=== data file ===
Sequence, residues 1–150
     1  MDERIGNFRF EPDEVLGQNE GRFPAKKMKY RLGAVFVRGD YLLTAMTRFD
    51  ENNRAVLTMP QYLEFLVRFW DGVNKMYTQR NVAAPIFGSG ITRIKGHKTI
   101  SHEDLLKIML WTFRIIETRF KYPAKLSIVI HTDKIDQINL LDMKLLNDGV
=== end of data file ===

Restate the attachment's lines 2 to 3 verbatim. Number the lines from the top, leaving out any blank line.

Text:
     1  MDERIGNFRF EPDEVLGQNE GRFPAKKMKY RLGAVFVRGD YLLTAMTRFD
    51  ENNRAVLTMP QYLEFLVRFW DGVNKMYTQR NVAAPIFGSG ITRIKGHKTI